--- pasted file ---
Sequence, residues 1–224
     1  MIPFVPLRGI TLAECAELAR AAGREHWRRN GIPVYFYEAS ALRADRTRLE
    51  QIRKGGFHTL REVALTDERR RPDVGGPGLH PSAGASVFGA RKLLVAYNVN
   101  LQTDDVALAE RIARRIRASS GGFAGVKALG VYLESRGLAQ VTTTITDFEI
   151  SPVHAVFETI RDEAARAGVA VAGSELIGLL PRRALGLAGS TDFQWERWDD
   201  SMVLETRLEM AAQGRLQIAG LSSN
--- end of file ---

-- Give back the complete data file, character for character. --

Sequence, residues 1–224
     1  MIPFVPLRGI TLAECAELAR AAGREHWRRN GIPVYFYEAS ALRADRTRLE
    51  QIRKGGFHTL REVALTDERR RPDVGGPGLH PSAGASVFGA RKLLVAYNVN
   101  LQTDDVALAE RIARRIRASS GGFAGVKALG VYLESRGLAQ VTTTITDFEI
   151  SPVHAVFETI RDEAARAGVA VAGSELIGLL PRRALGLAGS TDFQWERWDD
   201  SMVLETRLEM AAQGRLQIAG LSSN